A. D. Jones, Dr. Elizabeth Reeves, Robert Beech Howell, Anna Wilson, the Omaha Old Peoples Home Association, Crosby Funeral Home, and several others were attached to the mansion at 2018 Wirt Street in the Kountze Place neighborhood of North Omaha, Nebraska. What happened to it?
Asphalt, bricks, gravel and dirt lines the streets of North Omaha, Nebraska. For more than 160 years, the community has grown despite. Learn why from this history.
Imagine a time when riding a streetcar was interesting, respected and almost a little glamorous. On the dusty, granite-covered streets of Omaha, that time was during the 1870s and 1880s. That new technology needed fanciful buildings to go along with the times, and the streetcar barn at 2606 North 26th Street in North Omaha was one of those buildings.
This is a timeline of people from the history of North Omaha. They include people from political, legal, religious, medical, and other professions who transformed the community in countless ways. There are also creative leaders, sports figures, and others, too.
The Minne Lusa Creek used to run wild through North Omaha. Here’s its short story…
Established in 1886, North Omaha’s Orchard Hill neighborhood filled in slowly, and shows signs of coming back from white flight. Here’s a history of Orchard Hill…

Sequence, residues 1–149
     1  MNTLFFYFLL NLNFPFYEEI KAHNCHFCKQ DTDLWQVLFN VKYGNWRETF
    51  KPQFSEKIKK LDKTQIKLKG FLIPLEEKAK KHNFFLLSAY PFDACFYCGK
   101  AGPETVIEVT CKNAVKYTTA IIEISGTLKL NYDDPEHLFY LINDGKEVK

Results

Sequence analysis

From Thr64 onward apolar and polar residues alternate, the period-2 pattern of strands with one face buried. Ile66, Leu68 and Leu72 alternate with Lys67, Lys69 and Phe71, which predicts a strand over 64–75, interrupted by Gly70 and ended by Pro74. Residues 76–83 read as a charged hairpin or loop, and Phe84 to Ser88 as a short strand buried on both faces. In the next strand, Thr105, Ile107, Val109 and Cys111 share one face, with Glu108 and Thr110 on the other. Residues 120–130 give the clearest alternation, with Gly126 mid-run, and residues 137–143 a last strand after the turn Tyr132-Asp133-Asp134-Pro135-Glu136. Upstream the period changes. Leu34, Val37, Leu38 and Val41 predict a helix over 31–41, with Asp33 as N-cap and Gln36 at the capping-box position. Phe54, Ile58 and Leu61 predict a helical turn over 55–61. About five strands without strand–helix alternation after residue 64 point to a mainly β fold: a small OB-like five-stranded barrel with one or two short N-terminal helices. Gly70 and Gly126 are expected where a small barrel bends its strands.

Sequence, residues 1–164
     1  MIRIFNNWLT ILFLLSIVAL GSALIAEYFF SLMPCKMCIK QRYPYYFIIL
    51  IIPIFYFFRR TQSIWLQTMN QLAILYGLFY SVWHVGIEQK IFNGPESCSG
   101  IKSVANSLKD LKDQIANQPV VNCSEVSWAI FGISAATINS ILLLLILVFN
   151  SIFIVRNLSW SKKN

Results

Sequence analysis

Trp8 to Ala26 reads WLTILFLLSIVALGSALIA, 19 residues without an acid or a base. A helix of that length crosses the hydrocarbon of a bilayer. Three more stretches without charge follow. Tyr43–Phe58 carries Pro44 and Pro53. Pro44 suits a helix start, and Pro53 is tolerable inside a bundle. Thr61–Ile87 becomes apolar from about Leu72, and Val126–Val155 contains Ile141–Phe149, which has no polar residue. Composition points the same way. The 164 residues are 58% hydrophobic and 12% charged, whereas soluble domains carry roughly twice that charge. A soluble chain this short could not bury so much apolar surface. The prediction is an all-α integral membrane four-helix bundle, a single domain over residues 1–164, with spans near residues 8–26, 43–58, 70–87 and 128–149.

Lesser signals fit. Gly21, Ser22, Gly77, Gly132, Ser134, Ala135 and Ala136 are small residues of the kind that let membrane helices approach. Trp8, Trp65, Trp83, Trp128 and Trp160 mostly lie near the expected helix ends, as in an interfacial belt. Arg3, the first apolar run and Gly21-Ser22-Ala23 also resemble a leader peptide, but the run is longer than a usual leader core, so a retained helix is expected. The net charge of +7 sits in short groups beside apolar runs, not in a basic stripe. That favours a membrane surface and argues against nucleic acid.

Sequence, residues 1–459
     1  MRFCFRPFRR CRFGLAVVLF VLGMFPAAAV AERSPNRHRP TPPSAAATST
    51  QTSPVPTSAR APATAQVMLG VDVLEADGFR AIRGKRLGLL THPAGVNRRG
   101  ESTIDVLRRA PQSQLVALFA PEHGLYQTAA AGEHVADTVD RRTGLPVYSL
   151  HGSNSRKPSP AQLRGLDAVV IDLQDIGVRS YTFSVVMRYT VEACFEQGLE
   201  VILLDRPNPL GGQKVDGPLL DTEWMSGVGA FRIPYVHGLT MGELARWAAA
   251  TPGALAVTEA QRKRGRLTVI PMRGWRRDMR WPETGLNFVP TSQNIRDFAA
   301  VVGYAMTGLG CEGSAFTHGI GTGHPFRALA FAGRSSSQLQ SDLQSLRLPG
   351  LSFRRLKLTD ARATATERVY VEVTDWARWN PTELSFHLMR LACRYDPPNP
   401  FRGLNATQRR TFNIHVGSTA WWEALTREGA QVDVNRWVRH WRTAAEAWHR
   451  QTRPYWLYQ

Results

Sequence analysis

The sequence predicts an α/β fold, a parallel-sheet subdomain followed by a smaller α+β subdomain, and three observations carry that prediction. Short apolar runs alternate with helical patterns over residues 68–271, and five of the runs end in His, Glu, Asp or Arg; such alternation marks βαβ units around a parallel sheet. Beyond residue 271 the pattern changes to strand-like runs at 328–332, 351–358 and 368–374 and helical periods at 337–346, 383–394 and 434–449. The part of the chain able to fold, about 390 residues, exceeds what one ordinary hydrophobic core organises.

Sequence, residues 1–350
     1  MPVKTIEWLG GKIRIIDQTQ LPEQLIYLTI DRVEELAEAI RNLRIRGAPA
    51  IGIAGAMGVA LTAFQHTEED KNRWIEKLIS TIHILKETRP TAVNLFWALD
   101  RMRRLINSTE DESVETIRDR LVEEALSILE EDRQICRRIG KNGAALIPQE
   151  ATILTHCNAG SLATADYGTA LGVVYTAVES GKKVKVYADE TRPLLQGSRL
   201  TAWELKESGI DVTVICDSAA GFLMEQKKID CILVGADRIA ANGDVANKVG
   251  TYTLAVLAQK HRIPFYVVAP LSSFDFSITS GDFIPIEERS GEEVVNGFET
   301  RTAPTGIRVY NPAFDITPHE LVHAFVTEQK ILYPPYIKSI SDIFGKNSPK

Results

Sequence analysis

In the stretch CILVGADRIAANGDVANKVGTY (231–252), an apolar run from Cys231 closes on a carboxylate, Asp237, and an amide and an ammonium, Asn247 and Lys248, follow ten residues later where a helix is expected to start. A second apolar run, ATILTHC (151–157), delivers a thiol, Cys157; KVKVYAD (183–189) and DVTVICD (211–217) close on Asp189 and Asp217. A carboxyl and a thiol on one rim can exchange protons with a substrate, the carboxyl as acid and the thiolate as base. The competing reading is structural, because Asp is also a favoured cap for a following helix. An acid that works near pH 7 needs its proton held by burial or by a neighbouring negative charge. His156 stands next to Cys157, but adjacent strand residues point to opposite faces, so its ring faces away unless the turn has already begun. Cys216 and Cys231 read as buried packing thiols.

The intersection of North 30th and Ames Avenue was an important suburban crossroads in North Omaha as early as the 1890s and going all the way into the 1960s. Then, with white flight in full force and North Omaha divestment underway, the intersection started to struggle. Today, it continues to flounder, but many businesses stay open, overcoming the negative, challenging and demeaning perceptions many Omaha’s have about the community.
North Omaha’s African American culture has grown and changed dramatically since its founding in 1854. One of the main drivers of the culture for more than a century has been the Black media. From the time Omaha’s first Black newspaper was published in 1889 through Shanelle Williams’ continued use of Facebook, Twitter and other social media today to build the African American community in Omaha, Black media has continued to transform the North Omaha community and the city at large.